Center for Hellenic Studies
Bostin Latin Academy
The Homer Multitext project aims to make the full complexity of the textual transmission of the Iliad and Odyssey accessible to scholars and undergraduates by means of high-resolution images of the historical manuscripts that transmit the poems, together with digital diplomatic editions of their contents. The HMT thus extends the work of Milman Parry and Albert Lord by taking advantage of the possibilities offered by digital editing, computational processing, and electronic publishing in order to present the Homeric texts in a way in which the oral, traditional nature of the epics can be better appreciated and investigated. It also empowers scholars and undergraduates to engage in collaborative research and the creation of openly licensed data. In this workshop we will provide an overview of the project and the data currently available to users, and then go on to demonstrate how researchers can take advantage of the HMT's citation structure to create data models using stable and permanent identifiers (URNs).
Jeffrey Hill Flynt
I Tatti Renaissance Library/Harvard
Computational stylometry has aided the work of philologists for over 50 years. From simple word counts to the latest use of machine learning for authorship attribution, computation offers the literary critic a wide array of techniques to better understand individual texts and large corpora. To date, these methods have largely been accessible to specialists possessing a background in programming and statistics. The Quantitative Criticism Lab has now designed a user-friendly toolkit that will allow humanists with no prior training in the digital humanities to obtain a wide range of philological data about most classical texts and to perform sophisticated quantitative analyses—all using a simple point-and-click interface. This presentation will demonstrate some of the experiments and literary critical insights enabled by the toolkit, and discuss relevant issues of interpretation and statistical analysis.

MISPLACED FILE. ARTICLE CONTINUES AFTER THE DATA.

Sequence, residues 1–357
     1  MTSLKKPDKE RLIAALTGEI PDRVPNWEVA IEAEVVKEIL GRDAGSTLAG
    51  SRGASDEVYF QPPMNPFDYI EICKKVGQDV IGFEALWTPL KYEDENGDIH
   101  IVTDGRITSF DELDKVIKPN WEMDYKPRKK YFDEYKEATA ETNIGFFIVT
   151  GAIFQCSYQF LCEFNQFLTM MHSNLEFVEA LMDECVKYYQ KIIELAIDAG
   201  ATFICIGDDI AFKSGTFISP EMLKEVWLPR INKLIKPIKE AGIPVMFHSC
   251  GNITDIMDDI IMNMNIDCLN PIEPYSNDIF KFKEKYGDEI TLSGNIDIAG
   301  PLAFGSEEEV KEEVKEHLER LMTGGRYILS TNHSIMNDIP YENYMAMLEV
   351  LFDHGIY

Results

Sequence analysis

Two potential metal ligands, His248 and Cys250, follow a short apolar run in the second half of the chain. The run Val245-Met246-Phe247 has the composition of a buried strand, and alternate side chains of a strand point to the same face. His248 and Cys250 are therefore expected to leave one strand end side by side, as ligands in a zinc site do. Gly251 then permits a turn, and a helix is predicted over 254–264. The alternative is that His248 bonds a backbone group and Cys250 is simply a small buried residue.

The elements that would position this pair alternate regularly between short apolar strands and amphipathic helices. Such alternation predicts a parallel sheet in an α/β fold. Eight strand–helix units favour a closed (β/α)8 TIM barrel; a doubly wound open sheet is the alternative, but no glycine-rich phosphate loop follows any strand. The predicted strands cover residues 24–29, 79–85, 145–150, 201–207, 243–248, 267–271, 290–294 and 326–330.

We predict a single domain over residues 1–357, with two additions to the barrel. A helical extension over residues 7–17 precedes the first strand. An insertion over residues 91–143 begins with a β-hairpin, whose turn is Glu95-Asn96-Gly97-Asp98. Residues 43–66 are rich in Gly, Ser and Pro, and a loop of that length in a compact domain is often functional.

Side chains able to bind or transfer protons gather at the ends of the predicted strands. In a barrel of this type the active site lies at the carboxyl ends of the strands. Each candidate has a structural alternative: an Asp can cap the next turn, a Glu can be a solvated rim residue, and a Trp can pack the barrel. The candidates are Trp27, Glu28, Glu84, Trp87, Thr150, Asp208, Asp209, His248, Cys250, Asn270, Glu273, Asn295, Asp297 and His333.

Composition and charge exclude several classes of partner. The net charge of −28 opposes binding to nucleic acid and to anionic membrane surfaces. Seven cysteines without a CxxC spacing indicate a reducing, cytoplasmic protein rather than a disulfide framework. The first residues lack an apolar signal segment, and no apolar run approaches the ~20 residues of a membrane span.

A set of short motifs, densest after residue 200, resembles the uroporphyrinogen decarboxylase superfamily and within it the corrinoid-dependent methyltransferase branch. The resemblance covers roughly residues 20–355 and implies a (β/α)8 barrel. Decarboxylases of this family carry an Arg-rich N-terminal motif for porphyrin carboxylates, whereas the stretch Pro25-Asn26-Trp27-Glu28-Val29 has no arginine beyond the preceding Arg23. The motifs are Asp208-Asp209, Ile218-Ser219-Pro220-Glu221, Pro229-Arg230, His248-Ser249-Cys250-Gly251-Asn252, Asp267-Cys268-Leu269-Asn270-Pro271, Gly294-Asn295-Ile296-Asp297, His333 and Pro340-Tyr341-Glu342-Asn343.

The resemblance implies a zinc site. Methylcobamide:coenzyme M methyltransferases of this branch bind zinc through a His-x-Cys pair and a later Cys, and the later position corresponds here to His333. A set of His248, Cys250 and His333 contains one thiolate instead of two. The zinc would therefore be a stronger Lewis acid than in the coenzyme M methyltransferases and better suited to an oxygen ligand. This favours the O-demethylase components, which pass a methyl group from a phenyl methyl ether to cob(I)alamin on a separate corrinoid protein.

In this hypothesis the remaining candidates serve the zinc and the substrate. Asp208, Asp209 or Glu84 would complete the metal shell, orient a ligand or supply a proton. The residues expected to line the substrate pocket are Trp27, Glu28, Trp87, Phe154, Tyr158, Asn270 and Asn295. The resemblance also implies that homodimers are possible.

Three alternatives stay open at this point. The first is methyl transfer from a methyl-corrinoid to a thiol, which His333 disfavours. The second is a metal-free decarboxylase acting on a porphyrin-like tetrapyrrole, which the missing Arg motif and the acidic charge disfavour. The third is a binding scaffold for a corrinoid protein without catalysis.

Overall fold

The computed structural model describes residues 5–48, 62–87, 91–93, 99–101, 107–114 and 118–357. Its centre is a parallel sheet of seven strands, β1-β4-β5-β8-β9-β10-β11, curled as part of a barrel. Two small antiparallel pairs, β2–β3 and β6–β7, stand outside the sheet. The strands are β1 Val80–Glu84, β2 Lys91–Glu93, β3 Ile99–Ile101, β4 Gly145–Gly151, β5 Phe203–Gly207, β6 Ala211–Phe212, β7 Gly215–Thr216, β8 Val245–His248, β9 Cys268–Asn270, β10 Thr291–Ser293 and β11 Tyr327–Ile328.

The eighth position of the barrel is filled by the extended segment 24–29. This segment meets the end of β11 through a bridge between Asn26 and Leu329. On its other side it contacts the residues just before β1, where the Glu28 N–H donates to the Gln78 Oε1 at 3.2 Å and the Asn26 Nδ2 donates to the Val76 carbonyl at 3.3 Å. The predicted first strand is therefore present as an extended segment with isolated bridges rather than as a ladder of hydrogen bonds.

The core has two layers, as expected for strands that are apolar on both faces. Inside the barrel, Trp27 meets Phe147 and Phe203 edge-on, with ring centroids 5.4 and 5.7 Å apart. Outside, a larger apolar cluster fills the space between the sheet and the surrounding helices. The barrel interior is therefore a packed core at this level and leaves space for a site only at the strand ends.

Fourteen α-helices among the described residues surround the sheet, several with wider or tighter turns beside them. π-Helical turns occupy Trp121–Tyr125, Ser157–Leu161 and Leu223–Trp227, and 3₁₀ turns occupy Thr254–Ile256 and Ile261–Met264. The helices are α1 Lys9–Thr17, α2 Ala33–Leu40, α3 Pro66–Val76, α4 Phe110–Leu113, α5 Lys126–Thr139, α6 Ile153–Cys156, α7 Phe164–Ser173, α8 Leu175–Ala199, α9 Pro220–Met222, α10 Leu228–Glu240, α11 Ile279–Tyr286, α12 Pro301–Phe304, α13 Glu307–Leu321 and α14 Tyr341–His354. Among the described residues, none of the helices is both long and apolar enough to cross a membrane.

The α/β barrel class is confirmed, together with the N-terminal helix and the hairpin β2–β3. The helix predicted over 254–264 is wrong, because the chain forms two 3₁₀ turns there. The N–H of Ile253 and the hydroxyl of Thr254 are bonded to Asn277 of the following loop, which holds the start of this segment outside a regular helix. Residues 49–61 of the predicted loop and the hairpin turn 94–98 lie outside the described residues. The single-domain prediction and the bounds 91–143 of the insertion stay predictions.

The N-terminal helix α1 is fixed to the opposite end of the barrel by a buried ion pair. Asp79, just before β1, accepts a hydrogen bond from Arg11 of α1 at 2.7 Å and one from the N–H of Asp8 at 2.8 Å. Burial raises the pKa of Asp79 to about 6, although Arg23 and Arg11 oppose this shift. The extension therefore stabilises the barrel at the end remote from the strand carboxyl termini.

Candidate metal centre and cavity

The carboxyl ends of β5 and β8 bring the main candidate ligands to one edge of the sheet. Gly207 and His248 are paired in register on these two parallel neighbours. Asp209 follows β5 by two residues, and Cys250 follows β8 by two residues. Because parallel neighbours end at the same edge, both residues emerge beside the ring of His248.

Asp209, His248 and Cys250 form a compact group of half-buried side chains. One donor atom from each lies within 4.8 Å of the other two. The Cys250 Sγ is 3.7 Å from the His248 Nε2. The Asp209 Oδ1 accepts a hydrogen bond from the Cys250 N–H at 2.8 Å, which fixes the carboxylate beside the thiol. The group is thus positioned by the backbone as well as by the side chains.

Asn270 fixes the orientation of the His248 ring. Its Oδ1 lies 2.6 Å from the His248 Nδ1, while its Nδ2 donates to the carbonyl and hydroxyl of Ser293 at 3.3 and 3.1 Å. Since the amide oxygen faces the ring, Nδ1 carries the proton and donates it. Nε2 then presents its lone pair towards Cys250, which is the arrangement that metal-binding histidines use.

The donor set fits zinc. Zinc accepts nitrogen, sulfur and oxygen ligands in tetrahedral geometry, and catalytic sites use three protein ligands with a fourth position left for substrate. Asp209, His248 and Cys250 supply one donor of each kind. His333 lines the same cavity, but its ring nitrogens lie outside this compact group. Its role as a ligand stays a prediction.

Hannah Čulík-Baird, Moderator
University of Iowa
Center for Hellenic Studies
As mentioned in the introduction, all aspects of ancient world study at this point bear "the imprint of digital technology." While this has brought about access to the kinds of cutting-edge research tools and resources that are showcased at Ancient MakerSpaces, it has not been without challenges. We have gathered together a diverse panel of digital practioners in Ancient World study, whose interests cover computational approaches to Classical philology, digital editions and manuscripts, mapping, and the use of social media for redefining outreach and scholarly publication, among many others. Our panel will discuss these issues as well as the general state (and future) of digital work in Classics.
Patrick J. Burns, Moderator
In the interest of bringing attention to as many projects in Digital Classics, Archaeology, and related fields as possible, Ancient MakerSpaces 2018 will host an hour-long Lightning Presentations session. Presenters will have three minutes each to introduce their project, address its application in Classics research, pedagogy, or outreach, and explain how contributors, volunteers, or users can get involved. If you are interested in participating in the Lightning Presentations, contact Patrick J. Burns at firstname.lastname@example.org.
AMS Lightning Presentations will include Alpheios, The Bridge, Logeion, WIRE Project, and more.
The schedule for the Lightning Presentations will be available soon.
Ancient MakerSpaces is possible because of the growing community of digital classicists within the SCS and the AIA. Accordingly, AMS attendees may also be interested in the following conference events and panels:
Wed. 1/3. All day. Tufts University. Medford, Ma.
Sun. 1/7. 8:30-10:00am.